Yes, there are some companies that sell their look, image and clean equipment. That will sell some things, but not all. To be competitive in pricing on the really good stuff you have to be efficient not shinny clean. Efficient is not washing equipment all the time, its keeping them well maintained so that you reduce downtime. Its keeping them running as much as possible. The more they run the more you spread your overhead/fixed cost out. The better your competitive pricing will be. The more you spend on non billable time the less you can spread your overhead/fixed out.
.

I couldn't agree more with this statement 65HOSS.....If you want to keep your equipment in good shape....Spend the money you are using to store it inside, on a enclosed trailer...then have it professionally lettered and striped and painted to make it a rolling bill board....A trailer that looks like that will be sure to get attention and be money well spent...besides....the trailer is one of the backbones of your equipment. It also hides the dirty part of this business which is a reality...

Branching Out
11-19-2004, 11:48 PM
Aponte...Do you plow for John at KP?

twwlawn
11-20-2004, 12:11 AM
Had a 20 footer, within one year setting outside with all the rain, snow and sun, it was rusting and the paint was faded. From that year on, I tarp the trailer's and of course the equipment is always stored inside.

MOlawnman
12-27-2004, 01:01 AM
We have a 22' open trailer that is three years old and besides being a little dirty, looks great. It has never seen inside storage. It is very well built and shows no signs of rust or fading. It really depends on the quality you get when you purchase it. It will never be stored inside. I figure that the equipment and my vehicles are much more expensive and that is what I worry about not a $1600 trailer (yes that is what I paid for it brand new).
I just purchased an 8' x 20' enclosed trailer so that I would have more storage when going from job to job. This trailer will not see inside storage either but it will make my life much, much less complicated.

northmichigan
12-27-2004, 09:10 AM
my trailer lives outside on a side road on my land. i use my dual axle 12 foot trailer to haul stone and gravel and have to repaint it for nicks and scrapes anyway. the outside living will fade the paint but the tires should be off the ground.i put 2x 12's under the tires.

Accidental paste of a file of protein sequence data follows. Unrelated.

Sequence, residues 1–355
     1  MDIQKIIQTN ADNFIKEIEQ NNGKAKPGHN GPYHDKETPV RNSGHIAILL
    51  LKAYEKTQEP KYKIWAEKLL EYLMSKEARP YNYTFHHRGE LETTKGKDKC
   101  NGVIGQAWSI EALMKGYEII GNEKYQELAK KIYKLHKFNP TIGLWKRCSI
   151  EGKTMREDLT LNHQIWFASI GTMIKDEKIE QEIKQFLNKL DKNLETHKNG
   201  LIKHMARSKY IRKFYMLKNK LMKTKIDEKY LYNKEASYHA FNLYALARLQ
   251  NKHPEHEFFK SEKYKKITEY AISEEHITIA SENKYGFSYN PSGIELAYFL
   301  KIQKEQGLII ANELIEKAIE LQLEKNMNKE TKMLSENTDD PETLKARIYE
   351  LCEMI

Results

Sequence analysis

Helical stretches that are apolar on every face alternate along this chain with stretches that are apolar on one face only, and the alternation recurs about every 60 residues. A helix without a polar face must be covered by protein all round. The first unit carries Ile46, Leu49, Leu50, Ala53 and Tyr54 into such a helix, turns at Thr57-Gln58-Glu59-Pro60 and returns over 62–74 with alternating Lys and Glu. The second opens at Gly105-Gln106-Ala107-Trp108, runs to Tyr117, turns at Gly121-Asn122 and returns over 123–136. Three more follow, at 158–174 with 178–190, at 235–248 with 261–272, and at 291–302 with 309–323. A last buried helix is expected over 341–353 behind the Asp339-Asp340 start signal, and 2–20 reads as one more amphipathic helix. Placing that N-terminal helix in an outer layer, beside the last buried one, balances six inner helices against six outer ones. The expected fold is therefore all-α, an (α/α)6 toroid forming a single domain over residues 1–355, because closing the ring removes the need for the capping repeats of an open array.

mj

nitrotim
12-27-2004, 12:24 PM
Has anybody used rhino or linex liner on their open trailers. I saw one at dealer where they had sprayed the decking and the metal gate with some sort of poly lining.

Carolina Cutter
12-27-2004, 01:43 PM
I've always kept my steel trailer parked in an enclosed storage unit. However, for next year, I'm thinking of leaving it parked outside in the weather.

Good idea or bad? How bad do these things rust when left out in the weather?

Here is a picture of the very front of my trailer:

http://www.lawnsite.com/showthread.php?t=60650&page=2&pp=10

Later,
DFW Area Landscaper


I leave just my trailer outside every day due to no storage. The paint does get weathered but no more than it wil in the summer heat. I repaint the trailer every winter just to have something to do and hopefully improve the image......worn trailers are everywhere...so it always looks new and fresh.

rodfather
12-27-2004, 01:57 PM
11 years of leaving them outside. Each spring time they get a coat of new rustoleum paint...no biggie.

ProMo
12-27-2004, 06:27 PM
when I had an open trailer I went to kmart and bought a 10x20 canopy and just backed the trailer under it, I kept the trailer full of equipment under the canopy for 8 years and never had any rust .

TURF DOCTOR
12-27-2004, 06:38 PM
Weather will take a toll on your equipment,i went with a aluminun tralier here never needs paint plus we get a lot of comments also.plus we run 2 covered haulmarks.We keep the flatbed aluminum for mulch we mow out of it fuel is so high we try to run light.

Turf Medic
12-27-2004, 06:52 PM